Professor Marcia K. McNutt of the Department of Earth, Atmospheric and Planetary Sciences, a geophysicist with extensive experience in oceanographic research, has been named MIT director of the MIT-Woods Hole Oceanographic Institution Joint Program in Oceanography and Oceanographic Engineering.
She succeeds Professor Sallie W. Chisholm of the Department of Civil and Environmental Engineering, who has held the post since 1988. The appointment was announced by Professor Frank E. Perkins, Dean of the Graduate School.
"Professor McNutt is widely recognized for her work in marine geophysics," said Dean Perkins. "This important joint program, which links two internationally respected educational and research organizations, is of vital importance to students whose primary career objective is oceanographic science and engineering."
Dean Perkins praised Professor Chisholm for her "vigorous leadership of the program for the last seven years. During her tenure the program has grown significantly in terms of applicants, enrolled students and national visibility."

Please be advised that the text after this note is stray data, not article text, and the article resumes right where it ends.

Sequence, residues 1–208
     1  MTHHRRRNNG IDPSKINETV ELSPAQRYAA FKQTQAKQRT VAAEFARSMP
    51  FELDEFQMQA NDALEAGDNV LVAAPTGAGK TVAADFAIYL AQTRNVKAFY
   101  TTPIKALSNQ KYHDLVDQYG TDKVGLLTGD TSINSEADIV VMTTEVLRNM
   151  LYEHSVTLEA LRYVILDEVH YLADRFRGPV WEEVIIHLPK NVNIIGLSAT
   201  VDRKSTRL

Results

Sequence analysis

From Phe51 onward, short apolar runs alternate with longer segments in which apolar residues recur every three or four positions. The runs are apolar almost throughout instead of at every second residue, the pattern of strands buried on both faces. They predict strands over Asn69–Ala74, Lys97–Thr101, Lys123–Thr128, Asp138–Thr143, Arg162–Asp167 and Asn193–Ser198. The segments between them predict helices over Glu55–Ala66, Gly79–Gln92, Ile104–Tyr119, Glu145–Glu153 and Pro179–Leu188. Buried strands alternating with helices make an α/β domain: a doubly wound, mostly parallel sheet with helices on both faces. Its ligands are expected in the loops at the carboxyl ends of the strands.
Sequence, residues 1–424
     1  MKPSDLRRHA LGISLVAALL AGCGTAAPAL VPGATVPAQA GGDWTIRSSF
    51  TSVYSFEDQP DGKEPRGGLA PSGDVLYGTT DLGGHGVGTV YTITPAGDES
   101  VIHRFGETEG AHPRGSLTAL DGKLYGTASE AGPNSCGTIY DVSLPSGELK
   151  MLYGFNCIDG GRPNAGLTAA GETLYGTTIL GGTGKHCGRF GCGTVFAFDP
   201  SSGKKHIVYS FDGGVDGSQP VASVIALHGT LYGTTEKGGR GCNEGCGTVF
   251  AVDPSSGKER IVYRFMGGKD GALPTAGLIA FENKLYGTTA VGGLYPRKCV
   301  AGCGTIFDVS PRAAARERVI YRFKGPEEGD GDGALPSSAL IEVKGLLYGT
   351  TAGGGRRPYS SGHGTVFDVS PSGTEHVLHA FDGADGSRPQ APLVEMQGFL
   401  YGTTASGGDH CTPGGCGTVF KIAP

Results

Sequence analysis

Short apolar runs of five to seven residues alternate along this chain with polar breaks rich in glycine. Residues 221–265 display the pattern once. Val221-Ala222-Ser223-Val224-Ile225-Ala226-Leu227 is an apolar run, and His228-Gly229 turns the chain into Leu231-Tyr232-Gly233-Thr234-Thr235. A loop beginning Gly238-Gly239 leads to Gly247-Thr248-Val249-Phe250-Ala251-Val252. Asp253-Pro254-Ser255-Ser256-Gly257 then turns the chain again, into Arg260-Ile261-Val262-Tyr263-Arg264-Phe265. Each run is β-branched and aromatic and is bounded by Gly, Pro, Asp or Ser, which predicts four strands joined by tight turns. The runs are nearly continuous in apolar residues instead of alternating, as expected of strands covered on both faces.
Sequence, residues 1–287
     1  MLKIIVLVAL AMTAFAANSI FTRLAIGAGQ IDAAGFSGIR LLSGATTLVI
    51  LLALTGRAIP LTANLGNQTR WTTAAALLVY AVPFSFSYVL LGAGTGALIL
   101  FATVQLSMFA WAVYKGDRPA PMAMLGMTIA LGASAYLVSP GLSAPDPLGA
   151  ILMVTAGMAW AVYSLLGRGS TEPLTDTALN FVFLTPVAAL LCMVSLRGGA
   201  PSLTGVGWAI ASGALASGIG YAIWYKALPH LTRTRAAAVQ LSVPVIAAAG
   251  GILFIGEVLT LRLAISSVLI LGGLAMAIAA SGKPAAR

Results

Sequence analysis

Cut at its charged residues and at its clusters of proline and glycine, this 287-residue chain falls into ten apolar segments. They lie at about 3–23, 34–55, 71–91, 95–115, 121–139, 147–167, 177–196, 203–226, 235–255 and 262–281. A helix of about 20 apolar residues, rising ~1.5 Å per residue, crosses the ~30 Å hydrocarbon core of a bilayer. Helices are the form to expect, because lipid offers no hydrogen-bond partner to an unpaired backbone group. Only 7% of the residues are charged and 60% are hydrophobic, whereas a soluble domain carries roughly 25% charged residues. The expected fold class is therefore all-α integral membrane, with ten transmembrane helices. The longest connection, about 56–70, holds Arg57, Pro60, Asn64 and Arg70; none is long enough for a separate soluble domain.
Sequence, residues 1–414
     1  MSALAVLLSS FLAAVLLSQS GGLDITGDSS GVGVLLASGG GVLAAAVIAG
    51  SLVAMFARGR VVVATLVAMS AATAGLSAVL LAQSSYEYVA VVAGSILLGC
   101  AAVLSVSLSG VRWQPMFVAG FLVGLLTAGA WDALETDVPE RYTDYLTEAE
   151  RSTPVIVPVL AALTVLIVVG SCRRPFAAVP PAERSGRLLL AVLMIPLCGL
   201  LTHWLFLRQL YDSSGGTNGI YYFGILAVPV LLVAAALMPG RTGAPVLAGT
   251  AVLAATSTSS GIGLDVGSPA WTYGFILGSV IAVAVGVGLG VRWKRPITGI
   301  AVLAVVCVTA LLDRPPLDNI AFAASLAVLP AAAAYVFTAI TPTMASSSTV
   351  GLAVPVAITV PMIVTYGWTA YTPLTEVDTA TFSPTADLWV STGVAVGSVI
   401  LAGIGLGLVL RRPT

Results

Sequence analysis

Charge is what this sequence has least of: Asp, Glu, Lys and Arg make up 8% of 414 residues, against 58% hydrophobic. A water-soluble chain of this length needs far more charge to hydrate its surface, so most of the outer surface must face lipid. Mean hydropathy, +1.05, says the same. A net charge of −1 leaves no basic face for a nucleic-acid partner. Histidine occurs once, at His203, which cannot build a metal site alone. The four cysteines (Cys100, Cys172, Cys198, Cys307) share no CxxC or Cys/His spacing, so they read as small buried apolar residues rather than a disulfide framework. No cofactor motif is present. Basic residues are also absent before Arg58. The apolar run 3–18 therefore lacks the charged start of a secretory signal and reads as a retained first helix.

Begun in 1968, the program offers graduate degrees, with particular emphasis on the doctorate, in five major areas-biological oceanography, chemical oceanography, marine geology and geophysics, physical oceanography, and oceanographic engineering. The WHOI director of the program is Dr. John W. Farrington, associate director of education and dean of graduate studies at WHOI.
Professor McNutt is no stranger to WHOI or to ocean-going research. She has participated in more than a dozen oceanographic expeditions aboard ships from Woods Hole, Scripps, Lamont-Doherty Earth Observatory and Oregon State University. She has served as chief scientist on five of these expeditions, principally involving investigation of volcanic processes in French Polynesia.
She holds the BA in physics from Colorado College (1973) and the PhD in earth sciences from Scripps Institution of Oceanography, La Jolla, CA (1978). She is the Earle A. Griswold Professor in Geophysics.
Among her awards is the American Geophysical Union's Macelwane Award (1988), which recognizes outstanding contributions to geophysical research by young scientists. She has also been elected a Fellow of the American Geophysical Union.
Professor McNutt has been a National Science Foundation visiting professor at Lamont-Doherty Geological Observatory and a Bunting fellow at Radcliffe College. In 1985, she received the Graduate Student Council Award for teaching.
A version of this article appeared in MIT Tech Talk on May 24, 1995.